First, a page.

“It came on very suddenly. There was enough time to send for Garnet, but beyond that …” Alison sighed. “It’s probably for the best. Poor man. At least he’s past his suffering now.” She made the sign of the plumbbob, Lynn echoing her movements.
“So Garnet did make it home?”
“Aye, poor dear. Just in time, too …” Alison did not want to long think of poor Garnet stumbling to her father’s bedside, managing to gasp out her last good-byes, and then, once Lot had passed, collapsing into Lamorak’s arms in a storm of grief. Lamorak could just barely console her, and Alison and Arthur were the only blood relatives whom she allowed near her. Then again, perhaps Dindrane might have been allowed to stroke her shoulder or whisper something soothing, but Dindrane had her hands more than full with the little ones.
Alison wished Jessie was home; if Garnet could not get to Morgan and Accolon — and Alison dreaded Morgause’s reaction if Garnet even attempted it, and luckily Garnet dreaded it enough not to make that attempt — then Jessie was the next best hope for comforting her. But she and Will were honeymooning on a small island off the coast, not more than a day’s sail, but long enough for bad storms to make crossing an issue. Arthur had ordered the captain of the ship he commissioned to take the message not to attempt sailing until the crossing was safe enough to be chanced. “After all,” Arthur had murmured, mostly to himself after the captain had left but as Alison still remained in the room, “Lot was a practical man. He’d hardly see the point of sending a ship full of good sailors to the bottom just to attempt to have a few more guests make it to his funeral.”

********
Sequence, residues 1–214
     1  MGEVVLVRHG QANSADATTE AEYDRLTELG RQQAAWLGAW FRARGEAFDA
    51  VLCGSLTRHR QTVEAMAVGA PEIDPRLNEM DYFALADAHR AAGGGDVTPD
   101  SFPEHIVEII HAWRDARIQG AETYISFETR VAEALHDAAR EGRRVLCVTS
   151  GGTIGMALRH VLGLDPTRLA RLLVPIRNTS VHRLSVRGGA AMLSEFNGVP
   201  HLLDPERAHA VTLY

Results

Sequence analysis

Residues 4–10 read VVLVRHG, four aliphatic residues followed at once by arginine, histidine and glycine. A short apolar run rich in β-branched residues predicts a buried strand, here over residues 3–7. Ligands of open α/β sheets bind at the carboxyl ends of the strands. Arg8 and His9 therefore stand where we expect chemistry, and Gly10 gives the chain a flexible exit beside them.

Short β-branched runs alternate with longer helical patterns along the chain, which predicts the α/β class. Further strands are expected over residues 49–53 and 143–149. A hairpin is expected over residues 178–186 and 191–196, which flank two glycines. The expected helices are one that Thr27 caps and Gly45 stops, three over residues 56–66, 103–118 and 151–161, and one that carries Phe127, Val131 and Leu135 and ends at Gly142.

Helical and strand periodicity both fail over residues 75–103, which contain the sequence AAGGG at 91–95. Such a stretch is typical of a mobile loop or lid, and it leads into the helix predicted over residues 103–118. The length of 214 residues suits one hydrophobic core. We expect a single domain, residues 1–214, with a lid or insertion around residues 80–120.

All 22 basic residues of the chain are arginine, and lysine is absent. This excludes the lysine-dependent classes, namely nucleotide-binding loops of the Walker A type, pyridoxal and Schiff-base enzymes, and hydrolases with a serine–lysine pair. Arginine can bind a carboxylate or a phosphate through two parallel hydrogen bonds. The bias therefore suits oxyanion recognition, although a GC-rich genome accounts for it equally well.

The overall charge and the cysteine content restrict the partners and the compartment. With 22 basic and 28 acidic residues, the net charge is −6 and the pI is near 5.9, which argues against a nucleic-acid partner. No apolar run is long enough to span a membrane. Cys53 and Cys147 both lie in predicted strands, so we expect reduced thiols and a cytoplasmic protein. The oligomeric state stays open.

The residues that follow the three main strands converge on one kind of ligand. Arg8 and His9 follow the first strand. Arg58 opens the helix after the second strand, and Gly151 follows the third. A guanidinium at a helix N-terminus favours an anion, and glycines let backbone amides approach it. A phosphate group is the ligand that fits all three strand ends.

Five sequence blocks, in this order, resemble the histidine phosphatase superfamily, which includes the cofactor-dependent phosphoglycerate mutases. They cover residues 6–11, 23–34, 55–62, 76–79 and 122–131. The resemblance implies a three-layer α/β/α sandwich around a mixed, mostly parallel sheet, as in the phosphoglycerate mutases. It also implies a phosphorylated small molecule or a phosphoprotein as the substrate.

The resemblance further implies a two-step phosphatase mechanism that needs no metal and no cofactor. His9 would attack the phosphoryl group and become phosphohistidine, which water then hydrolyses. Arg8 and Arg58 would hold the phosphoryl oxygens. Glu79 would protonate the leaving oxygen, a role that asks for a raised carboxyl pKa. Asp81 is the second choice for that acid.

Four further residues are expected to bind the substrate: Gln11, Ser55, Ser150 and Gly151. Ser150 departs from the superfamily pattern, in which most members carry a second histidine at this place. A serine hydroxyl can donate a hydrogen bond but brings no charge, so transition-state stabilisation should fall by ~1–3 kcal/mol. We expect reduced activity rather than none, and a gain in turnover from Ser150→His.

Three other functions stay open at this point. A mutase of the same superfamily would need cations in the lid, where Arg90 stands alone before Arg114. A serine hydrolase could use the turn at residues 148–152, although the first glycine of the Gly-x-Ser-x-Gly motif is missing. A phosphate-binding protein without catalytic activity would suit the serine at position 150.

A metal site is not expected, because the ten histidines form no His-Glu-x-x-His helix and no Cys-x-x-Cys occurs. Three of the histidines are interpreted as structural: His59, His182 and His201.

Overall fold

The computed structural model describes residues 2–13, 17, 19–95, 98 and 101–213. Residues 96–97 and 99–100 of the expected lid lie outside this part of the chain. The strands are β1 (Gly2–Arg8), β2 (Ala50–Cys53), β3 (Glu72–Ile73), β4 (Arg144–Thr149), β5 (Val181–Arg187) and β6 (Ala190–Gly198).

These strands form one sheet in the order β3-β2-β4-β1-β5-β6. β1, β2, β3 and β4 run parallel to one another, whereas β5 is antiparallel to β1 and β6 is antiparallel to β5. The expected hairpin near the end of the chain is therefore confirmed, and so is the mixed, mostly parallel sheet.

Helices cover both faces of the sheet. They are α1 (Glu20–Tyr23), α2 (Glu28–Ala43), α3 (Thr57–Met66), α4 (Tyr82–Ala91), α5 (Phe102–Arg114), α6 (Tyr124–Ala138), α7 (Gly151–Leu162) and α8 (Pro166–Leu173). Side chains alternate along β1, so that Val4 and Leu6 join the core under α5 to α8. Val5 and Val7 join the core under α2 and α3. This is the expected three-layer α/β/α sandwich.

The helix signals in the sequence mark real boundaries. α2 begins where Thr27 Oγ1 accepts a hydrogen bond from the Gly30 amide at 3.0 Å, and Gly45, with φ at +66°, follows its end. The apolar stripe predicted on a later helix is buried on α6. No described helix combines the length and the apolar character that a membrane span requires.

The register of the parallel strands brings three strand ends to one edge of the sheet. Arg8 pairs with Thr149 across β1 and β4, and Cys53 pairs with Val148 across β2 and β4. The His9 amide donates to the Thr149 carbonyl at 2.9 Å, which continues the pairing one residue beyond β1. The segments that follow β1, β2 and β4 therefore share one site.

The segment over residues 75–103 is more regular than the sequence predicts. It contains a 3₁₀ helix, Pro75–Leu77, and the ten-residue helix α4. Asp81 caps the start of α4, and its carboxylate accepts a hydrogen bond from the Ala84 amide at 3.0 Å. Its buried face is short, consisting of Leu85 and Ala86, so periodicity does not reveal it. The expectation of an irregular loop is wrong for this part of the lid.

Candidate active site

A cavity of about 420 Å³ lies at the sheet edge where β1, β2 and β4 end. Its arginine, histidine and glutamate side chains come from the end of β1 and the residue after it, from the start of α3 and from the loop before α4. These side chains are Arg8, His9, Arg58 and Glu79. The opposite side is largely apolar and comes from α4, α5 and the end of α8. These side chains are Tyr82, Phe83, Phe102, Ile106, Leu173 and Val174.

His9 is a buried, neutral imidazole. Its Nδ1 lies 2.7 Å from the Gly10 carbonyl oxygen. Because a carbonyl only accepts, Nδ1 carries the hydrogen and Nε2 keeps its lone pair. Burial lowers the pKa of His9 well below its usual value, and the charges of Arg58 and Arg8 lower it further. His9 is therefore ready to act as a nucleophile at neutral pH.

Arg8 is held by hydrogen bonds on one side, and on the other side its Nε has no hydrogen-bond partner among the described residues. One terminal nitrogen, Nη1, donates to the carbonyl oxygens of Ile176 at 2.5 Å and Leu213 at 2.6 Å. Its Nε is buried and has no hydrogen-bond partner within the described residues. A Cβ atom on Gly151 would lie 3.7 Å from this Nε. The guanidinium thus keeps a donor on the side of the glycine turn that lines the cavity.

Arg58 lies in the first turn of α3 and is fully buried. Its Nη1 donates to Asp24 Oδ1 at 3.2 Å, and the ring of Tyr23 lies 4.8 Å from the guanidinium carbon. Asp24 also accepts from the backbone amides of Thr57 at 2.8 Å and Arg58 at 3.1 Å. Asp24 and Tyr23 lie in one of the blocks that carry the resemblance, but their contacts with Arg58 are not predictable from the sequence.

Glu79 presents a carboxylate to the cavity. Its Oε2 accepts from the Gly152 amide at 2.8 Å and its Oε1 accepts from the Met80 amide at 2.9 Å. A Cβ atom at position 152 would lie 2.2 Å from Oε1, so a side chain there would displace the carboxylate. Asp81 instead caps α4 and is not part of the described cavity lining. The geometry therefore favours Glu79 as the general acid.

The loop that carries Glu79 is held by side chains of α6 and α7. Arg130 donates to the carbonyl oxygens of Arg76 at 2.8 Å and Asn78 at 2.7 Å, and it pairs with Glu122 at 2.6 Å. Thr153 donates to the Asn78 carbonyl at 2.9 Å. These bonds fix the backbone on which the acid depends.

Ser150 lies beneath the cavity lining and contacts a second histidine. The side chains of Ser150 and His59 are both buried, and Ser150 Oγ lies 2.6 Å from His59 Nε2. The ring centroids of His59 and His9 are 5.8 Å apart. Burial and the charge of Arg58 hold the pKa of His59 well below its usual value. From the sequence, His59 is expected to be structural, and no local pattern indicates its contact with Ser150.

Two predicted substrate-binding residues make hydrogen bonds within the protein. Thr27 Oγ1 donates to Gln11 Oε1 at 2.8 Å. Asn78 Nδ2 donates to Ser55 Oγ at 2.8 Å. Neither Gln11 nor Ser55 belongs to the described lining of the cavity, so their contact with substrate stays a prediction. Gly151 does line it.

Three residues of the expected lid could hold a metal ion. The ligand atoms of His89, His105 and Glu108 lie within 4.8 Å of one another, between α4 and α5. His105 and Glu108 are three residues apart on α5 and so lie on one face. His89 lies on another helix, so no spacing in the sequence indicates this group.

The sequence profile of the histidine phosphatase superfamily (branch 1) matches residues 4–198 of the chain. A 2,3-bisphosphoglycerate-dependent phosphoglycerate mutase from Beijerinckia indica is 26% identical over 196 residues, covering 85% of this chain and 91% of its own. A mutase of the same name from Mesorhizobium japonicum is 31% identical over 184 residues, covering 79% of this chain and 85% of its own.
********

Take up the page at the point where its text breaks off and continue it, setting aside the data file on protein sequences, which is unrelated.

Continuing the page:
“Poor Garnet,” Lynn murmured. “And Lady Morgause, and Sir Mordred and little Agravaine too.”
“Aye,” Alison replied, more unnerved than she cared to admit by the echoing of her own thoughts. But Lynn was nothing if not polite.
“Should we go there soon, and pay our respects?”